In our spot on the site where we chat about mental health and wellbeing, a few thoughts about the ghosts in our life, and ghosting.

Hello, welcome, grab a coffee, biscuit and a comfy seat. It’s the site’s weekly natter about how we are doing right now. And apologies in advance, I’ve been a bit distracted.

Recently I read a novel by Dolly Alderton, Ghosts, that caught me well and truly in its grip. It concerns ghosts, the imprints we leave behind, the flicker of a comment online. The dropping out of contact with someone we’ve been connecting with across social media. People vanishing from our lives or mid conversation. Ghosting one another with intent. Or fading, into old age and memory loss.

There was a lot of self-recognition in there. There are the days I feel like a ghost in my own life. There are the ghosts I carry with me, as the unintentional keeper of the family keepsakes. And for the first time in my life, there’s the deliberate blocking across all media of a former contact.

They pull at the fabric of our mind, these ghosts, whatever form they’re in. I suspect we all have them. The whispering voices that drive us, criticise us, or perhaps encourage us. Have I responded appropriately? Have I done the right thing? What happens next?

We hang ourselves up on the hooks in our mind, wondering, watching, grieving. Our ghosts flit on a carousel of memory, some sparkling with joy, others grim and watchful. Only we can choose whether we want to dance with them, or let them spin off into the ether.

I’d never really considered the impact of ghosting before. I never imagined I would have to do it. But sometimes communication media allows too much access to a person’s mental health space. Barbed emails, accusations and hysteria left on the answerphone. The flashing button, the unread message signal tugging away at the corner of your mind. You know that to unleash the message will be to do harm. You do it anyway.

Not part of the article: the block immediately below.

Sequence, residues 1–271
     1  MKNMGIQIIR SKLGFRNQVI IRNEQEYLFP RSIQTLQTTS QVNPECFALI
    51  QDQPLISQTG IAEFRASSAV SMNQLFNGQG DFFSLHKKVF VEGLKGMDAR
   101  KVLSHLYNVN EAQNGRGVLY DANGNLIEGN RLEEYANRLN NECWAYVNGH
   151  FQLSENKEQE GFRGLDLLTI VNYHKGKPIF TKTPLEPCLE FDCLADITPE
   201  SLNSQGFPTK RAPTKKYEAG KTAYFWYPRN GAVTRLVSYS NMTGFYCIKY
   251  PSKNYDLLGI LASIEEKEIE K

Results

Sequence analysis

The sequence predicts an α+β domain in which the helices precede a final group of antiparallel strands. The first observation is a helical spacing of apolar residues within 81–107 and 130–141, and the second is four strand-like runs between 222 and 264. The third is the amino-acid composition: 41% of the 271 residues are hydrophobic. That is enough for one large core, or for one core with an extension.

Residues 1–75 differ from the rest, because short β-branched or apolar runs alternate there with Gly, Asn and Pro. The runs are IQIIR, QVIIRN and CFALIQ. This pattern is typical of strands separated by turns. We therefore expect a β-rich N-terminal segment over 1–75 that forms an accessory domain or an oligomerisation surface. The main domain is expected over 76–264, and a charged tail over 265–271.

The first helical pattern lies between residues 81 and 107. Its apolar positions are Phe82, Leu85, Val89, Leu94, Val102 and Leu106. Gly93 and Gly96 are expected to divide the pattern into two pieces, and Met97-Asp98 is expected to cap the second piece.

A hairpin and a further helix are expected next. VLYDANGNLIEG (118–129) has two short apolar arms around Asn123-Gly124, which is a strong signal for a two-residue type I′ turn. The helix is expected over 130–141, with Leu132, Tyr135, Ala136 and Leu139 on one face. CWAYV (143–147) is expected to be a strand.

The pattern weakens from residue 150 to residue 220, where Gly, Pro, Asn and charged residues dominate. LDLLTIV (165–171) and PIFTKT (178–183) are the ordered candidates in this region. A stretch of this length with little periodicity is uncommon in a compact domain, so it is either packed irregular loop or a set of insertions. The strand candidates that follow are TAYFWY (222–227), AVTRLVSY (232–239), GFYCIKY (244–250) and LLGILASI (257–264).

As I sit with a relative and we look through old photographs for a memory project, I see the ghosts of the past reflected within, in the shape of a chin, the curve of dark eyes. A line of ghosts, pulling at the fabric of the past. Fabric that has spun us into who we are today.

There can be joy in embracing these ghosts, this collective spirit that has built me. I’m the echo of the past, trying to live as best I can today.

Ghosts, the novel, is funny and sweet and occasionally broken hearted. It reflects where I am in my own life, with my own ghosts clustering about my knees clamouring for attention. Not all of these spirits are benign, and I have had to ghost in return.

As Myles Kennedy sings, in the halls of my mind I’m haunted by design. It’s a difficult line to balance. I hope your own ghosts hold you kindly, but if they begin to burn that you can silence them in return.

Take care all, and thanks for reading.

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